|Latitude & Longitude (WGS84):||58° 20' 2'' North , 6° 25' 16'' East|
|Latitude & Longitude (decimal):||58.33392,6.42122|
|Other regions containing this locality:||Scandinavia|
|Köppen climate type:||Cfb : Temperate oceanic climate|
The Tellnes deposit was discovered in 1954 by an aeromagnetic survey. Production started at Tellnes in October 1960, while the Storgangen operation continued until 1965. Since then all of Titania's mining activities have been confined to Tellnes. Production from the Tellnes open pit is 2 million tons of ore and 1.6 million tons of waste rock, resulting in a production of approx. 580,000 tons ilmenite concentrate (1999). Production data after 1999 are withheld. Tellnes is the largest titanium deposit in Europe and probably the largest titanium deposit in production in the world today. It is one (of two) major hard-rock titanium deposits in production in the world. All other significant titanium mineral production is from sand deposits. The ore reserves are 380 million tons averaging 18 % TiO2 of which approx. 15% TiO2 is as ilmenite (30% ilmenite) and 3 % of the TiO2 is within other minerals. At depth additional 250 million tons of ore has been identified. Two groups have extensively studied the Tellnes deposit: Krause's group from Clausthal and Duchesne's group from Liége; see Krause et al. (1985) and Duchesne (1999), respectively. The Tellnes deposit is an ilmenite-rich norite intrusion into the Åna-Sira anorthosite, as evidenced by sharp contacts, numerous apophyses cutting the surrounding anorthosite, intrusive breccias, and xenoliths of anorthosites. It has a sickle-shaped outcrop more than 2700 m long and is more than 400m wide in its central part. The northwestern contact dips 50-45o SW and the opposite contact varies from almost vertical to 45o dip. Two faults dipping westward and two sub vertical basalt dikes, striking E-W, intersect the outcrop (Krause et al. 1985). The vertical displacement of the orebody, caused by the faults, is in the order of 80-100m. The orebody has a complicated relationship to a jotunitic to mangeritic dyke system. U-Pb ages on zircon and baddeleyite from the ilmenite orebody are 920 ± 3 Ma, thus slightly younger than the jotunitic dyke (931 ± 5 Ma) (Schärer et al. 1996). Isotopically, the ilmenite norite can be derived from the crystallisation of a noritic liquid related to the crystallisation of the surrounding Åna-Sira anorthosite (Wilmart et al. 1989). Liquids of appropriate composition are, however, not known elsewhere in the massif, thus the exact nature of the parent magma of the Tellnes deposit is ill defined (Duchesne 1999). The Tellnes deposit is homogeneous in a large scale; euhedral plagioclase (An45-42), only locally slightly bent and granulated, and euhedral bronzite (En77-75) with subordinate olivin (Fo80) are enclosed by an interstitial hemo-ilmenite (Hem13) and Fe-Ni-Cu-Co sulfides. The average modal composition (vol. %) of the ilmenite norite is: plagioclase 53.2%, ilmenite (28.6%), orthopyroxene (10.2%), biotite (3.9%), magnetite (0.7-2.5%), accessories (3.4%) (Gierth 1970). The accessories comprise at least 24 minerals including apatite. Among the accessory opaque minerals, baddeleyite is ubiquitous (Gierth & Krause 1974). The sulfides include several subsolidus transformations of a primary Fe-Ni-(Co)-Cu association. Bravoite, chalcopyrite, covelite, marcasite, millerite, pentlandite, pyrite, pyrrhotite, siegenite and violaritehave been described (Gierth, Krause & Schott 1982). Two types of symplectitic intergrowths are present in the Tellnes ore. Symplectitic intergrowths of bronzite and magnetite (with some ilmenite) are considered to be due to the breakdown of primary olivine. Such textures are found almost exclusively along the margins of the orebody. Symplectitic intergrowths of oxides, sulfides and bronzite, replacing olivine, occur in the sulfide-rich upper part of the orebody (Gierth 1970, Gierth & Krause 1973). The concentration of Cr and V in the ilmenite are closely linked with the exsolved hematite; this was first pointed out by Gierth & Krause (1974).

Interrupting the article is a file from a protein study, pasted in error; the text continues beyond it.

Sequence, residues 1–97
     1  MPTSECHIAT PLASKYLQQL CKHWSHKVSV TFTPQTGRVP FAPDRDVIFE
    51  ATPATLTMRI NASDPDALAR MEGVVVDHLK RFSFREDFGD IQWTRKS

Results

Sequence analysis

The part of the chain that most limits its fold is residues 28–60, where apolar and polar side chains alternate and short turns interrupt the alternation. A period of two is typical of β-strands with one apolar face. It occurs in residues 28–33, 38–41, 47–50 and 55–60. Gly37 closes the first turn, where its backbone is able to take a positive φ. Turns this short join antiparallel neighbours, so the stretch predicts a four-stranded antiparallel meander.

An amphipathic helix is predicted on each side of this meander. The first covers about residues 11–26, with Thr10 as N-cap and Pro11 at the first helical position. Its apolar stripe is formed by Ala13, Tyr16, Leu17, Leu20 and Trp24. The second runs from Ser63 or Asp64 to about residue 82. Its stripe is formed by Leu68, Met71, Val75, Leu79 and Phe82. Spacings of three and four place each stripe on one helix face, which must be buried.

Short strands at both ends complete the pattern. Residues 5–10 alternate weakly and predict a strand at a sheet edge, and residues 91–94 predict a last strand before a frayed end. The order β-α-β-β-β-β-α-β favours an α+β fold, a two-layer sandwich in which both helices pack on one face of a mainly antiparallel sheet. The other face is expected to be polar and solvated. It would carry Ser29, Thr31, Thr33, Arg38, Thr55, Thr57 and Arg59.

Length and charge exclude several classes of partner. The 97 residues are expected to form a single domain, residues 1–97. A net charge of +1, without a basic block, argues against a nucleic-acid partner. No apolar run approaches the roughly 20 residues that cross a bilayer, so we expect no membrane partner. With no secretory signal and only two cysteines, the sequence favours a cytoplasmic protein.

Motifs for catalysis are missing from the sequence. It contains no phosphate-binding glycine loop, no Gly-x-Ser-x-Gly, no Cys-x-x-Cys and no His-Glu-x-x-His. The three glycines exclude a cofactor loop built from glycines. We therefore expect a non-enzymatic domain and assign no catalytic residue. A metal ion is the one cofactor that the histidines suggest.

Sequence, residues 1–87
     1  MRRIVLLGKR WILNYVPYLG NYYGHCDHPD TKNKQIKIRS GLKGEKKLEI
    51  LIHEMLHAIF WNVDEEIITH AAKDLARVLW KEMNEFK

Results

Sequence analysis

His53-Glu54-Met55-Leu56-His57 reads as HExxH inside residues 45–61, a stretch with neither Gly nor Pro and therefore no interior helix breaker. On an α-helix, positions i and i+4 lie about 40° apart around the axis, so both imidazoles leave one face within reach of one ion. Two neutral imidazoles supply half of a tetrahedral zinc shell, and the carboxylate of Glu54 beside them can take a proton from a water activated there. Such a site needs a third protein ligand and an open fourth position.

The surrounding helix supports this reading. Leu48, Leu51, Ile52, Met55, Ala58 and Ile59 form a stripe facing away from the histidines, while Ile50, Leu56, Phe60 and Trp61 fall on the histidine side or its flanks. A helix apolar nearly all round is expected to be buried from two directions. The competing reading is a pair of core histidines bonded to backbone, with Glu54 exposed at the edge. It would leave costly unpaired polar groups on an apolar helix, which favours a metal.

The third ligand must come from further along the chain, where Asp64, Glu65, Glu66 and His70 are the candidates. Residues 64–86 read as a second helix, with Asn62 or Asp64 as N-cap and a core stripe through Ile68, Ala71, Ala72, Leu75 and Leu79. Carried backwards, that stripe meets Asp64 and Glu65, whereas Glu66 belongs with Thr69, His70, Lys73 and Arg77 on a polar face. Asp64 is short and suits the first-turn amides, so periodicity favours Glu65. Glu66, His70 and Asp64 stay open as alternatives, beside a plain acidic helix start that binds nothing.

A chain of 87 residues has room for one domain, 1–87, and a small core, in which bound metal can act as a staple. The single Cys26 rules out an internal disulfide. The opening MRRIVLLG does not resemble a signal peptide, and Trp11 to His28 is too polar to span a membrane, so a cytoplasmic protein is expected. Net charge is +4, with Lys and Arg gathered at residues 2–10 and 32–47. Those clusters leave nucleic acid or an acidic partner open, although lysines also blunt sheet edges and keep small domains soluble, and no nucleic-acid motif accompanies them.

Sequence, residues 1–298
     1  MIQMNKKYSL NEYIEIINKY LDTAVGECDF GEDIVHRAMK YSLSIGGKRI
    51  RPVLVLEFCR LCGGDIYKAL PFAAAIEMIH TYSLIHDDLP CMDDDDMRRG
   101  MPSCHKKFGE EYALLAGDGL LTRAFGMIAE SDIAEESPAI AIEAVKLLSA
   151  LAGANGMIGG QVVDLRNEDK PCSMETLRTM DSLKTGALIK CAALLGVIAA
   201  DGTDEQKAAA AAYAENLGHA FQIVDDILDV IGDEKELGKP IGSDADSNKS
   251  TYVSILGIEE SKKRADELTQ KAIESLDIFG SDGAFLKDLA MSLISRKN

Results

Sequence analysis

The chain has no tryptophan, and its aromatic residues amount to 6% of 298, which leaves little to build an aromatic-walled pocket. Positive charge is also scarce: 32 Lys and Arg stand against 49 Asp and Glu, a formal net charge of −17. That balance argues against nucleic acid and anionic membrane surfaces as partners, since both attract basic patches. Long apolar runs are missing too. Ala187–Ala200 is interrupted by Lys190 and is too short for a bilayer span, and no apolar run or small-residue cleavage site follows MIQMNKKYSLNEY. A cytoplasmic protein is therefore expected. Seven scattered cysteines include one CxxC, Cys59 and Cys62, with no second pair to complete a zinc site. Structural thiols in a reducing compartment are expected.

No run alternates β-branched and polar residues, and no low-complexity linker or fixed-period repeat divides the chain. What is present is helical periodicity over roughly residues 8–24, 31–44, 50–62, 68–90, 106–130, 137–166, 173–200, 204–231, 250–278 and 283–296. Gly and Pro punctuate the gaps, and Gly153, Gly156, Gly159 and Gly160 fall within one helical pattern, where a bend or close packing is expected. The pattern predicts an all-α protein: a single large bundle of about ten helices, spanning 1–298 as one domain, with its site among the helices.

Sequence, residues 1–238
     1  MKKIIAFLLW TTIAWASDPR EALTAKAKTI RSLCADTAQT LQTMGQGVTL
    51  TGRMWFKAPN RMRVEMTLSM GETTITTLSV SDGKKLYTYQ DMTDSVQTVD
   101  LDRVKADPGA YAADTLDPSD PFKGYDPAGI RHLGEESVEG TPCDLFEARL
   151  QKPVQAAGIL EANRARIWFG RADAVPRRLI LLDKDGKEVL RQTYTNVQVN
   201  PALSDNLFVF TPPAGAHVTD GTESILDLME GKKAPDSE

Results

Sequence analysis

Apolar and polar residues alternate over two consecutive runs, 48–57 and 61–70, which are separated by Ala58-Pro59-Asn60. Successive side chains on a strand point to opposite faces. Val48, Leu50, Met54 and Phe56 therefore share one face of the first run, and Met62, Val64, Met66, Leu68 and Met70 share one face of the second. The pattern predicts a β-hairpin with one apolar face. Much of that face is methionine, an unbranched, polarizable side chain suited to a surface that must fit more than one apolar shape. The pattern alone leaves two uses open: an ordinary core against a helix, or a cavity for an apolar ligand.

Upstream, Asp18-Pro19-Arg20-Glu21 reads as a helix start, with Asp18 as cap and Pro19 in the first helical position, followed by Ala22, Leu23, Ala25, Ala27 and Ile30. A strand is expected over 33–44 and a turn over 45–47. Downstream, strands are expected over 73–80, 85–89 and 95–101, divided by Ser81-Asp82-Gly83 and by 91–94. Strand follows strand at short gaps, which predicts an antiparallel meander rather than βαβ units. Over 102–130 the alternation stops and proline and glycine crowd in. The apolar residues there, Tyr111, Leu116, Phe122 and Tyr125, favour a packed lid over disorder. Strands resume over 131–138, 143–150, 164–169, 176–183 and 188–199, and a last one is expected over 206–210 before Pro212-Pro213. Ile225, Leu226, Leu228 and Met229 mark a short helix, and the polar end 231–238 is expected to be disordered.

Commodity ListThis is a list of exploitable or exploited mineral commodities recorded at this locality.
17 valid minerals.
Rock Types Recorded
Select Rock List TypeAlphabetical List Tree Diagram
Entries shown in red are rocks recorded for this region.
This geological map and associated information on rock units at or nearby to the coordinates given for this locality is based on relatively small scale geological maps provided by various national Geological Surveys. This does not necessarily represent the complete geology at this locality but it gives a background for the region in which it is found.
Click on geological units on the map for more information. Click here to view full-screen map on Macrostrat.org
1000 - 1600 Ma
|Mesoproterozoic plutonic rocks|
Age: Mesoproterozoic (1000 - 1600 Ma)
Comments: Deep-seated to high-level intrusions are included. Many charnockites, anorthosites, and large ophiolites, classified as plutons, are distinguished in the database using the SIGNIF item. Ophiolites were classified as plutons, even where remnants may be extrusive and/or sedimentary.
Lithology: Plutonic rocks
Reference: Geological Survey of Canada. Generalized geological map of the world and linked databases. doi:10.4095/195142. Open File 2915d.